In the third period this season, the Badgers have out scored their opponents 39 to 18 and have earned points in 10 of 28 games this season when they were either tied or trailed going into the final period.
This night would fall into such a category.
Struggling through two periods of hockey to generate offense, limit turnovers and get into an overall flow of the game, Wisconsin killed off a 5-on-3 penalty to begin the frame, parlaying that momentum into a goal by freshman Kyle Turris that would rank a nine on a degree of difficulty, escaping the John MacInnes Ice Arena with a 1-1 tie Friday night against Michigan Tech.
Already down 1-0 in the closing minutes of the second period, freshman Ryan McDonagh was whistled for high sticking at 19:22, only to be joined by defenseman Kyle Klubertanz 26 seconds later after the senior was whistled for holding.
Suddenly, Wisconsin (12-11,6 8-9-4 WCHA), trying to get into the locker room after a five-shot second period, had to find the will power to stop the Huskies (10-12-5, 6-9-4).
"I knew we were going to get a goal so I told myself just to keep it at one," UW goalie Shane Connelly said. "We're due for one. We had an empty net in the first period and two posts. If I gave up one on that 5-on-3, it was going to be tough for us to really come back because they were really defensive blocking shots.
"That was one of the most important penalty kills we had faced this year. We needed to do a job and it started with me."
Fortunately, the period on the scoreboard read lucky number three.
The Huskies only fired two shots on Connelly, as the Badgers repeatedly cleared the zone and watched the clock expire.
"It was going to be a big swing one way or the other, so we wanted to kill it and roll," senior Davis Drewiske said. "That's a lot of momentum you can kill 5-on-3 like that."
But the momentum the Badgers garnered was nearly taken away by Turris. Failing to cover his guy off the faceoff, Turris watched helplessly as Michigan Tech's Eric Kattelus went one-on-one with Connelly.
What happened next simply defined Wisconsin's evening. Connelly blocked Kattelus' shot with his glove, but was unable to corral the loose puck. Instead of falling on it, Connelly passed the puck off to Jamie McBain.
Eventually, the puck fell into the hands of Turris who skated between the two face off circles and fired a shot that found its way through the entire Michigan Tech defense and into the back of the goal.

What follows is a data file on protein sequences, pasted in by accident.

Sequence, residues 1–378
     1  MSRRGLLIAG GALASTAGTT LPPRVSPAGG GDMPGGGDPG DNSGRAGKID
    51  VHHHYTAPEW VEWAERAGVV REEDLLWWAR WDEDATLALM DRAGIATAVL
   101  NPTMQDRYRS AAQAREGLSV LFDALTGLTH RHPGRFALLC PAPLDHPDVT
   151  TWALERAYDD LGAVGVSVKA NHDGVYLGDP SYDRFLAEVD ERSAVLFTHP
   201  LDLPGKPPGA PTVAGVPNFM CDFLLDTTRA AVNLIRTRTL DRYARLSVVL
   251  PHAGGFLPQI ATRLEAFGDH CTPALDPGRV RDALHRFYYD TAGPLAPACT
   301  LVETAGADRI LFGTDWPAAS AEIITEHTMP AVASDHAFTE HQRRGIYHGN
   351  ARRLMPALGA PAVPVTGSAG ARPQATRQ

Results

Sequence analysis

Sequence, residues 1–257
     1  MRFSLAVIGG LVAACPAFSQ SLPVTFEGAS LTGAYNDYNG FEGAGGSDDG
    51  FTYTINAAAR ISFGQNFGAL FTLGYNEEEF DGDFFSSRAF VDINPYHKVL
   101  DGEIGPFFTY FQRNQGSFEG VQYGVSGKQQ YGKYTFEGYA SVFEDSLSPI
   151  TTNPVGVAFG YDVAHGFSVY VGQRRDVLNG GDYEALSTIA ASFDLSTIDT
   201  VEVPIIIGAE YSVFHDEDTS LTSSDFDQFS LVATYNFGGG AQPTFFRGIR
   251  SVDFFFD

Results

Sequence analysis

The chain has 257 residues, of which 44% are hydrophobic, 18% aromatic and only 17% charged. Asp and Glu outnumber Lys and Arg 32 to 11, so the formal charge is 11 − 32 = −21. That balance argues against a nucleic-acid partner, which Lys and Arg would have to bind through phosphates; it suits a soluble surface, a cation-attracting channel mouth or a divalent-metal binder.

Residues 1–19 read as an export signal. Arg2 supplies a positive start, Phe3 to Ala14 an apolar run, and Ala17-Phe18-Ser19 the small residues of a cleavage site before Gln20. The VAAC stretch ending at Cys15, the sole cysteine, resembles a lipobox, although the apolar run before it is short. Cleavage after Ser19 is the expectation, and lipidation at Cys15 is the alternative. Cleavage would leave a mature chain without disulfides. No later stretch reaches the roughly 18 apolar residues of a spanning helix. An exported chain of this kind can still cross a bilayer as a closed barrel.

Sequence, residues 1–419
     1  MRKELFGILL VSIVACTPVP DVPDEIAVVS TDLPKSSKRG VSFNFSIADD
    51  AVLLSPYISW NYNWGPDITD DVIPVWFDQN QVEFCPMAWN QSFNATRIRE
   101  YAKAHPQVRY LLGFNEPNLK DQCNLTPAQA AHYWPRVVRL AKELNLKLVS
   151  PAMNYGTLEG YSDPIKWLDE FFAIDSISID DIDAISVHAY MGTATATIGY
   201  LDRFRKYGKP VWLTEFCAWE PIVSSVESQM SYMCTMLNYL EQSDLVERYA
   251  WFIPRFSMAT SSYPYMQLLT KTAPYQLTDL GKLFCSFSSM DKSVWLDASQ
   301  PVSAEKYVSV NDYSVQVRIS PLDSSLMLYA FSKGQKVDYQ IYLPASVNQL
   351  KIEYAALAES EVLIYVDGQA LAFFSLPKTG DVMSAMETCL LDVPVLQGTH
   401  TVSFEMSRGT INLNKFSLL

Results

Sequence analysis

"It seemed like the whole team was in front of the net and somehow, the puck had eyes," Turris said. "It's the way the game goes."
Afterwards, Connelly counted his lucky stars that the play did not go according to his plans.
"Thank God that I did not catch that puck," Connelly said. "If I would have gotten a whistle there, this is a totally different game with us scoring down the stretch. Looking back, it was one of those fortunate bounces where I made the save and didn't catch it. That's kind of how the night went."
UW coach Mike Eaves, on the other hand, though the whole sequence of events had a touch of irony for Mr. Turris.
"The guy that gave up the 2-on-1 was the guy that scored the goal," Eaves said. "As they say in basketball, he was watching the paint dry and luckily Shane made the save and he came back and made up for it. The gray hair that was popping out went back in."
Connelly's save was one of 19 the junior made on the night, helping keep the Badgers involved in the game.
"He can now make statements like that, which is the sign of a confident, young goaltender," Eaves said.
But other than Connelly's solid play, few things clicked for the Badgers.
Michigan Tech's lone scoring sequence started when Drewiske misplayed a puck behind the Wisconsin net, giving Connelly little time to react.
Wisconsin had three 5-on-3 power-play chances in the game, seven total power plays, and could only muster five shots.
And although Turris scored the only goal, the freshman could have easily had a hat trick, failing to convert on a wide-open net and having a second shot deflect off the post.
"He feels real bad in there because he knew he had missed opportunities and those are things would have made a difference tonight," Eaves said. "He had some real good looks tonight."
Still all things considered, the Badgers pulled plenty of learning experiences from game one in Houghton.
"We can go to that and pull valuable experience from that," Eaves said. "We'll go back and break down video and reinforce some things that we can do better at tomorrow."